Birds of Wisconsin, Wisconsin Nature

Season of the Snowbird, the Dark-eyed Junco


While the American Robin signals the arrival of spring in Wisconsin, there is another bird whose presence indicates winter is on the horizon. The Dark-eyed Junco (Junco hyemalis) can be found in the midwest and across most of the United States after the breeding season winds down and tem­peratures begin to cool. Affectionately referred to as “snowbirds,” many Dark-eyed Juncos reside in Wisconsin throughout the winter.

Physical Characteristics of the Dark-eyed Junco

These medium-sized sparrows are considered to be one of the most abundant bird species in North America. They display a wide variation of physi­cal characteristics in different regions across the continent. There are five forms of Dark-eyed Jun­cos with unique plumage patterns and up until the 1980’s they were known as separate species. The two most widespread forms are the “Oregon” Jun­co, in the western U.S. and the “slate-colored” Jun­co in the eastern U.S. and Canada. All of the forms have dark eyes, a plain patterning with a dark hood, and white outer tail feathers. In Wisconsin, we find the slate-colored form – identified by a gray hood, back, and sides, contrasting white belly, pink bill and legs, and white outer tail feathers, which are often flashed in flight. The sex­es look similar, with females generally paler than males and sometimes females have a brownish-gray look. Juveniles are streaked all over but can still be identified by their white outer tail feathers.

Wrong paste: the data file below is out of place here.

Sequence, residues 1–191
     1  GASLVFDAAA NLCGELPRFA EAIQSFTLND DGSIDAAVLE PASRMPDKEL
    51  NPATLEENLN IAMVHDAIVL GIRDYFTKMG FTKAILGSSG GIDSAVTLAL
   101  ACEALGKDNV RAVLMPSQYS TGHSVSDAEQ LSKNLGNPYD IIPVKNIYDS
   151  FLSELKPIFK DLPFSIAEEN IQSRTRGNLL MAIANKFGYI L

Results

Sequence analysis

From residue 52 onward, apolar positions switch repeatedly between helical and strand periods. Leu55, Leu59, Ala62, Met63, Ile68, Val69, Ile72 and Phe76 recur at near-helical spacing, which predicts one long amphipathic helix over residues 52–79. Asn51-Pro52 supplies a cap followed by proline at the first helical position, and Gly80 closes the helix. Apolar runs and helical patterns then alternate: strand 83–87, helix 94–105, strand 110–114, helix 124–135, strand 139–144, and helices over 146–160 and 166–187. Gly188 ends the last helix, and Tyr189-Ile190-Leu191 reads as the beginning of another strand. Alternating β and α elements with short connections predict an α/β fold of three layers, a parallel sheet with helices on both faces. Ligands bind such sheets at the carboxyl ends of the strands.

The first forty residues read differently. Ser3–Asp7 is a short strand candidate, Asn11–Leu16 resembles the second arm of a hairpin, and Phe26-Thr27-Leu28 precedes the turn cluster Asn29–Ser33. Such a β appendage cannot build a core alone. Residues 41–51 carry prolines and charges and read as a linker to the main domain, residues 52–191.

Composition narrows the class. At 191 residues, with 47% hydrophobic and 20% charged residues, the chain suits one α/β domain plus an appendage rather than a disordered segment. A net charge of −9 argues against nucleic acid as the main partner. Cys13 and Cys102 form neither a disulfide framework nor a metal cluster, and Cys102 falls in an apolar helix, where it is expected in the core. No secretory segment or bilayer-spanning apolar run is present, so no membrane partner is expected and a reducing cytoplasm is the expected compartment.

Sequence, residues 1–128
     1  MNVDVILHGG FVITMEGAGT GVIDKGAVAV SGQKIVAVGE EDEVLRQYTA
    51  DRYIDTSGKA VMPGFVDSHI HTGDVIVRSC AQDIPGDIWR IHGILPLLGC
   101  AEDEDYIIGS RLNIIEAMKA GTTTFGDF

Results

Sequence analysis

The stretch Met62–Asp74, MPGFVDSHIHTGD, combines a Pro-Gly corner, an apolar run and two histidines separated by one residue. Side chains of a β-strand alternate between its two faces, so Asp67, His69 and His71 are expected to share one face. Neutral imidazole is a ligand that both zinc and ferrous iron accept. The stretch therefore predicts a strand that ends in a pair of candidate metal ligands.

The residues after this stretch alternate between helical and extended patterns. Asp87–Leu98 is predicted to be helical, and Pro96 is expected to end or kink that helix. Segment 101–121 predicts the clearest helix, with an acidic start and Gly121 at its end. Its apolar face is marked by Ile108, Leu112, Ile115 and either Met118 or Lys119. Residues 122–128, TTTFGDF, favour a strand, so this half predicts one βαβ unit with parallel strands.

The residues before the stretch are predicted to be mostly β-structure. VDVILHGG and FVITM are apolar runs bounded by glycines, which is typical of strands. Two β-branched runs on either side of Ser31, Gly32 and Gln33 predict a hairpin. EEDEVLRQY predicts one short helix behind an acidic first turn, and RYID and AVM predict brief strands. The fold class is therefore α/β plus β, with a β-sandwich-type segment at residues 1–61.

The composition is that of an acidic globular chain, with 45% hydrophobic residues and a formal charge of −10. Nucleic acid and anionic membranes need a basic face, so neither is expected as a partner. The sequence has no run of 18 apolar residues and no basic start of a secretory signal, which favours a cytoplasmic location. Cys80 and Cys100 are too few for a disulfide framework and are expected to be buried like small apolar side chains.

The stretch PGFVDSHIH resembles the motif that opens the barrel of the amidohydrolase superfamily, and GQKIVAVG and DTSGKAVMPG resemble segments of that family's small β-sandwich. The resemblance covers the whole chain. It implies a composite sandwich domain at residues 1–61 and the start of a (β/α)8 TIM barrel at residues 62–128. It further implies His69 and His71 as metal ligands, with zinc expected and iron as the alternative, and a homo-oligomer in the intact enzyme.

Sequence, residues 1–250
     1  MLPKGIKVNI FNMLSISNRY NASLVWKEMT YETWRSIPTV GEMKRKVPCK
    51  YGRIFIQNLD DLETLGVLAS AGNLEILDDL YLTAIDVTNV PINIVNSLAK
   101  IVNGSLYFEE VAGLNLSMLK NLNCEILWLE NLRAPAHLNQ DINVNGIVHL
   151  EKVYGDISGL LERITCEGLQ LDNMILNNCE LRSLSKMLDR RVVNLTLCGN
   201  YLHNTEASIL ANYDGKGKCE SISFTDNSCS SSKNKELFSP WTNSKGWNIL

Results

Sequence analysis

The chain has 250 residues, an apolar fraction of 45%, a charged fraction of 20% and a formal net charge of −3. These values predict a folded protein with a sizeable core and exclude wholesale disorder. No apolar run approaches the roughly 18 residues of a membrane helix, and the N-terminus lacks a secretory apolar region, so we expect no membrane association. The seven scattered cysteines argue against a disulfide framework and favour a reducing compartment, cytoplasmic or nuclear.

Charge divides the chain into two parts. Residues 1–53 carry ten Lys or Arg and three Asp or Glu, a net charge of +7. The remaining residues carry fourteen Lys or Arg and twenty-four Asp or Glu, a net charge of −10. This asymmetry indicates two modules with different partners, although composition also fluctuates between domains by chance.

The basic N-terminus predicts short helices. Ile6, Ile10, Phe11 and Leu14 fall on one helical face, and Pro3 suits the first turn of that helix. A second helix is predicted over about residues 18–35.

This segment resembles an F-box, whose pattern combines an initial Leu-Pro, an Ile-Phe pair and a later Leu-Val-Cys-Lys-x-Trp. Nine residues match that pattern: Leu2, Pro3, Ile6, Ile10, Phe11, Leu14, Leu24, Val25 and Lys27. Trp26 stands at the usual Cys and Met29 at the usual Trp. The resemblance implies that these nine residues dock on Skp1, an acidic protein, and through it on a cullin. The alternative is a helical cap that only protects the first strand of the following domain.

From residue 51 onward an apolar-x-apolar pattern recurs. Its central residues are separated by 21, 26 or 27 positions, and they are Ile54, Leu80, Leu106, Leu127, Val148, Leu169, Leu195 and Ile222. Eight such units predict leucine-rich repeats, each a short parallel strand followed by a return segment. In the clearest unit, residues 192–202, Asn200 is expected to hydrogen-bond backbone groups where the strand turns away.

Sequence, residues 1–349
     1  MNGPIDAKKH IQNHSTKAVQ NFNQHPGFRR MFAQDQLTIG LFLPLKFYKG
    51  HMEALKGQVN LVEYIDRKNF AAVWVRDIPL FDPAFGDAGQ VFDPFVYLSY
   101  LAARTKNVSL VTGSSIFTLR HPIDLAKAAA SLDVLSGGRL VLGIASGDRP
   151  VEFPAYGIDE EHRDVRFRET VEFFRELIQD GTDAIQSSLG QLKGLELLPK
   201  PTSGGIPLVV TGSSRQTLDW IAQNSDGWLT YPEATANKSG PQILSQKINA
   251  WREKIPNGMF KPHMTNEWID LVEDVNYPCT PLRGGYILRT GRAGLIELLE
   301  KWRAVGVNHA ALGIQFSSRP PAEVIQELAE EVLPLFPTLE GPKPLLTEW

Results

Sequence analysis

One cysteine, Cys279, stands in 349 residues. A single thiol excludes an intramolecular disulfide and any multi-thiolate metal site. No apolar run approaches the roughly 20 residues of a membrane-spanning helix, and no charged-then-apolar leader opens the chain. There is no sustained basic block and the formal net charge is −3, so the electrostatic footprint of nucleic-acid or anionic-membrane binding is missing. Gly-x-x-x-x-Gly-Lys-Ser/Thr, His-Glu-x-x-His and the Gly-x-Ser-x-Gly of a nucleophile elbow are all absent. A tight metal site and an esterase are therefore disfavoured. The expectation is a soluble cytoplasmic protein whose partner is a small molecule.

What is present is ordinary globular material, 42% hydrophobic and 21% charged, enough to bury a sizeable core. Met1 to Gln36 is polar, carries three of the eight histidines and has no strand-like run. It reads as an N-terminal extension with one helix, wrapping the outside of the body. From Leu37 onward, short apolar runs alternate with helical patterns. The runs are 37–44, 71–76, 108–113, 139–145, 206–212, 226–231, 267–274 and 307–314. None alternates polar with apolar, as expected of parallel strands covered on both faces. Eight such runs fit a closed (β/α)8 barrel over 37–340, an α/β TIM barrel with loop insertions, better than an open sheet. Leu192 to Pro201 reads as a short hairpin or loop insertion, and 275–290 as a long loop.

In their overwintering range, these birds prefer habitats with partially open areas, such as suburbs, parks, gardens, fields, and roadsides. Since they often share these spaces with hu­mans, we are able to observe these charismatic birds from a close distance. Dark-eyed Juncos are familiar backyard visi­tors who often forage under and around bird feeders. They are primarily seed-eaters but also eat a variety of insects during the breeding season. As ground feeders, their foraging techniques involve pecking in the leaf litter, hopping forward, scratching with both feet, and kicking backward. They also flit to low branches, gleaning food from leaves and twigs. Some­times they produce short chip calls as they forage.

Migrations of the Dark-eyed Junco

We typically see them begin to arrive at the Center in large numbers at the end of September to early October. In some ar­eas, they form large flocks in winter, consisting of other bird species like sparrows and even bluebirds. Juncos will stay in their winter range until they migrate north in late April or early May. At their breeding grounds in Canada, their preferred habitat is coniferous or mixed forest. When they arrive, males can become territorial, chasing off intruders and vocalizing with a series of calls. The male’s song is a simple musical trill, usually sung from a perch in a tree. The female chooses a nest site on or close to the ground and builds a woven nest with a variety of grasses, pine needles, leaves, moss, and other mate­rials. She will usually lay three to six eggs and can have up to three broods in a season.

While Dark-eyed Juncos are considered to be of low conserva­tion concern, a recent study has revealed that their population has declined by 168 million birds over the last 50 years. A lot of scientific research is being conducted on juncos and some evidence is emerging to show that juncos may be able to adapt to human-altered environments year-round. This could allow them to expand their breeding range and expend less energy on long migrations. Studies are also showing that these adap­tations could be causing them to evolve at a much quicker rate than previously thought, changing their behavior, plumage, and migration patterns in only a few decades! You can help juncos by creating a bird-friendly yard with native plantings. Provide shrubs and trees for cover and take care by keeping feeders and birdbaths clean. You can also report observations of juncos and other birds to eBird to help scientists track their populations.